LFW x FDCI March 2023: Catching Up With The King Of Drapes Tarun Tahiliani

Tarun Tahiliani's latest showcase at the Lakmé Fashion Week X Fashion Design Council of India – March 2023 was all about sheer drama.

Published On Mar 12, 2023 | Updated On Mar 07, 2024


Seasoned fashion designer Tarun Tahiliani is a force to be reckoned with in the fashion landscape of India. Known for his unapologetic, unique take on timeless drapes, preserving Indian heritage through the art of design, and constant efforts for innovation, this mastermind is an inspiration for many across the globe.  

So, when we learned he was showcasing a new luxe pret collection, Sheer Drama, at the Lakmé Fashion Week X Fashion Design Council of India – March 2023 edition, we turned to the designer for a quick interaction. The conversation ranged from the highlights of Tarun’s latest offerings to his early memories of designing luxury pret wear.  


On Day 2 of the fashion extravaganza held in Mumbai, Tarun presented Sheer Drama, an entire range inspired by the ever-flowing essence of water and the Indian beauty brand’s newly launched Lakmé Absolute Lip Mousse and Lakmé 9To5 CC Light Mousse. Ensembles in diverse fashion styles, created in hues of nudes and neutral colours and enhanced with impressive metallic work, took centre stage at the designer’s runway showcase. To say the least, it gave us a peek into the drapes, silhouettes, colours, and more, that may rule the upcoming wedding season. 

Tarun’s showcase was brought to its climax with a dramatic walk by The Night Manager actor Sobhita Dhulipala. She glided down the ramp in a stunning strappy red outfit with a plunging neckline and corset boning with sheer fabric. Her outfit also featured a long train at the back.  


Read the edited excerpts below:  

When you fashion a garment in your own way, it creates drama for me. I believe that the season's new Lakmé launches, which are focused entirely on light and sheer makeup, are in line with sheer drama. My 'Sheer Drama' line is a tribute to the classic Indian saree, and it essays tradition in my distinctive modern Indian style, which entails conserving our rich textile legacy and cultural identity in an elegant yet simple way for the contemporary wearer.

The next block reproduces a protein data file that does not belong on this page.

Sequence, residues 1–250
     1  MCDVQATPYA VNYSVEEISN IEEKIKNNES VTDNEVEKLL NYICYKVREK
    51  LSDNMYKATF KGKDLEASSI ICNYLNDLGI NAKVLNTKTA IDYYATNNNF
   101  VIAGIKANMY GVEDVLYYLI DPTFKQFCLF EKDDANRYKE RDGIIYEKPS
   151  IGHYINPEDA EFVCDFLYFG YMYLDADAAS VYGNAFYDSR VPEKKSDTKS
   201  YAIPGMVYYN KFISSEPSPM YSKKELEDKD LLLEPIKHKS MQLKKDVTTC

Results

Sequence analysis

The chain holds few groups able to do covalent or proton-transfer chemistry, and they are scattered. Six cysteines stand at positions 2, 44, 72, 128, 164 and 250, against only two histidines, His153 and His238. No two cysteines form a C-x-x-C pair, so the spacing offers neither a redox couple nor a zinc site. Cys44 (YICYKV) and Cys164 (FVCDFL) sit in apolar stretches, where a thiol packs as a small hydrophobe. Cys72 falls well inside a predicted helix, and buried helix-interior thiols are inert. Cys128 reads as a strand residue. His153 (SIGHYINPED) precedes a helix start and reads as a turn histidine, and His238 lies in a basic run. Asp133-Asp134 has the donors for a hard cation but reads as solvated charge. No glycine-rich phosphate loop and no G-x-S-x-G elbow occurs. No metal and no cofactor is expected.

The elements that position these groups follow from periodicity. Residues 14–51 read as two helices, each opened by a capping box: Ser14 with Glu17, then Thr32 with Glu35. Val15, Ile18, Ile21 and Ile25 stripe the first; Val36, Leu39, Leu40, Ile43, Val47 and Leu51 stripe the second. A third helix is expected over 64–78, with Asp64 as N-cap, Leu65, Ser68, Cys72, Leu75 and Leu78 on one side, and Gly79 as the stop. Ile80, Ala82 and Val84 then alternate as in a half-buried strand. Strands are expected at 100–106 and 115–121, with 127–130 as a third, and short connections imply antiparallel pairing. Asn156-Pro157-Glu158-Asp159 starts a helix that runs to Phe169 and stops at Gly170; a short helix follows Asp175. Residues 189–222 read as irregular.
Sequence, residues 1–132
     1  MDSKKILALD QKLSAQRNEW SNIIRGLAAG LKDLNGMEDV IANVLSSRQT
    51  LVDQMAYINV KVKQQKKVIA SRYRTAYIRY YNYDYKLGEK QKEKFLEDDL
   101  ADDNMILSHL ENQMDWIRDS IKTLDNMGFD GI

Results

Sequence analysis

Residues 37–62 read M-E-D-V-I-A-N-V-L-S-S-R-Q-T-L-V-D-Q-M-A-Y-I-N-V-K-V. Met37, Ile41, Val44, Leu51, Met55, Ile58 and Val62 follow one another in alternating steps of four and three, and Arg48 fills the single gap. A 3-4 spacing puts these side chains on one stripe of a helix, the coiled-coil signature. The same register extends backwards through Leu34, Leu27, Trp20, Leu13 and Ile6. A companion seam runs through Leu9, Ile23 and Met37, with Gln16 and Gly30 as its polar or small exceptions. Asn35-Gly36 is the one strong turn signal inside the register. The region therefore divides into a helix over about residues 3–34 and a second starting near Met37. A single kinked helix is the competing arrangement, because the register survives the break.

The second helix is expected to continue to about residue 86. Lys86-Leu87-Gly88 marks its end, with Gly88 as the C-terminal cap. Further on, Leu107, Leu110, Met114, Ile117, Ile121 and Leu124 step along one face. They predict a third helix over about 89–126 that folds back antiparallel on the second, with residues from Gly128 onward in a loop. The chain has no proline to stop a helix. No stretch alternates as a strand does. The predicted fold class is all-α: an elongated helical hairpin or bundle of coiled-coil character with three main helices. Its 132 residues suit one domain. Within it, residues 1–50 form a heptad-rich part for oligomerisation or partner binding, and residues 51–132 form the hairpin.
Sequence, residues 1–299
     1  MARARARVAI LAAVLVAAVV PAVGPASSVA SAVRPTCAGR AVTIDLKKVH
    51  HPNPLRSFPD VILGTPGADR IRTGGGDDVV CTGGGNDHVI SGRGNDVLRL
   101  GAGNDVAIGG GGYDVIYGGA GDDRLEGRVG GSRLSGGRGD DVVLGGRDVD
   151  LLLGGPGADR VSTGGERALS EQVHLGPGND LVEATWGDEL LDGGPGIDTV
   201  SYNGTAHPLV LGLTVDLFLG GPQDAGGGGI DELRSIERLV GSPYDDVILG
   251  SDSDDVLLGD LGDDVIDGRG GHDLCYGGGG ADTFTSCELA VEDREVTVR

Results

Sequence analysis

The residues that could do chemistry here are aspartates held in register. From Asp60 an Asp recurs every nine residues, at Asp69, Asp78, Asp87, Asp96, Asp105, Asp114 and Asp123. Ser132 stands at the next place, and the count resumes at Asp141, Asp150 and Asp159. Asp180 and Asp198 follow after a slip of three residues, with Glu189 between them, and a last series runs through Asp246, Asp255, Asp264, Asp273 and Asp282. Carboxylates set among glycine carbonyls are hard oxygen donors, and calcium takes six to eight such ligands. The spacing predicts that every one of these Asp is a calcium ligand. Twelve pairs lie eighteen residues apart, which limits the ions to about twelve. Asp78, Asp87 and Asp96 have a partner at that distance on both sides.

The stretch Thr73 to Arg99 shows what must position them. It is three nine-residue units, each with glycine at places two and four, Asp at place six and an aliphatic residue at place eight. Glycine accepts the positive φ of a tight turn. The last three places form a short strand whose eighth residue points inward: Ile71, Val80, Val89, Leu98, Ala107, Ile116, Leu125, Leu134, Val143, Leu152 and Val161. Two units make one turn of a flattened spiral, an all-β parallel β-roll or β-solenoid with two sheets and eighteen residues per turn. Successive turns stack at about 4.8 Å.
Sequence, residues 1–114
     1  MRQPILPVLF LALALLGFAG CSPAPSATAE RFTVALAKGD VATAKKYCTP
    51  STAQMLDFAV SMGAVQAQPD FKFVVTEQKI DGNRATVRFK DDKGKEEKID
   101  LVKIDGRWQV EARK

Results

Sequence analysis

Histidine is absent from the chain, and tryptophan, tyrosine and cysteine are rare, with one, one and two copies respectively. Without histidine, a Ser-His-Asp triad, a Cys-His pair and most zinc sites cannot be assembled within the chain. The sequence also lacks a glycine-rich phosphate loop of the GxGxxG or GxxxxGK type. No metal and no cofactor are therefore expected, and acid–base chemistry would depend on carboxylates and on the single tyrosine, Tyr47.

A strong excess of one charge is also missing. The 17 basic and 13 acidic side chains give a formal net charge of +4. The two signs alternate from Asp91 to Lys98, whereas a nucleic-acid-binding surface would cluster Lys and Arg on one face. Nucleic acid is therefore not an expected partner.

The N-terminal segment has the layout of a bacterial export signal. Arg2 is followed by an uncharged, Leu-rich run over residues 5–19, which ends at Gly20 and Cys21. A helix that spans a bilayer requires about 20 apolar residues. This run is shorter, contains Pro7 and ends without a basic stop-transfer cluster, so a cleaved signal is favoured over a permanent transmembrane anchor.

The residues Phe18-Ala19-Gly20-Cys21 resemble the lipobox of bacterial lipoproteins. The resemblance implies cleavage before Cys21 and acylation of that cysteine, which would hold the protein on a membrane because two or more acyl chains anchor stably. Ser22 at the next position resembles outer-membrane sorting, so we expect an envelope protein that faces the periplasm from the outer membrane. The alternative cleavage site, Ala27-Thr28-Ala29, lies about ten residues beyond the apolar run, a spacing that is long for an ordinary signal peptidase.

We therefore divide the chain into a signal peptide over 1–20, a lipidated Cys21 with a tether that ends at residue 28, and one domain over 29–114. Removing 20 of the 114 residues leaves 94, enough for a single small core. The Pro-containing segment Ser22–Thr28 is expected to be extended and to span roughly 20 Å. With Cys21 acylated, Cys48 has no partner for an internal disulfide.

We usually have between 10 to 12 drapes - all with several variations. I have always endeavoured to preserve Indian draping's traditional styles while transcending them into structured versions. From there, we pursue new variations. I prefer pragmatism and longevity with clothing so these are not costumes but elegant and chic ensembles.  



Yes, the Bhagalpur series of cotton were textured and that was what women loved. We did textures, trellises, coats and short kurtas. I think it was so beautiful and I remember we shot them against the painted landscapes of Jehangir Sabavala. 

In an endeavour to make every woman feel #UnapologeticallyMÉ, I have presented my vision of 'lightness' through the art of fashion. This collection includes neutrals, nudes, iridescent pastels, faded metallics, and bursts of red.  


The exquisite translucence, sheerness, and lightness that the Lakmé Absolute range brings to the table has been interpreted by me. The collections' layers, crinkles, and shimmer have been used to bring this together.  

It is an amalgamation of sheerness, moist, dewy looks, and slowly suspended-in-motion drapes. 



I don’t know where it is headed, but I personally prefer to work in the classical old-fashioned way. 

Well, I think the best thing I appreciate about the new generation is that they are very focused on what they want. They come prepared. They see the images, and they know what they want from you. However, they lack the tactile experience of actually touching and feeling the clothes. They are looking at too many options and too many worlds. So the depth of knowledge and engagement with the products is not as deep.

Photo: Lakme Fashion Week x FDCI and Tarun Tahiliani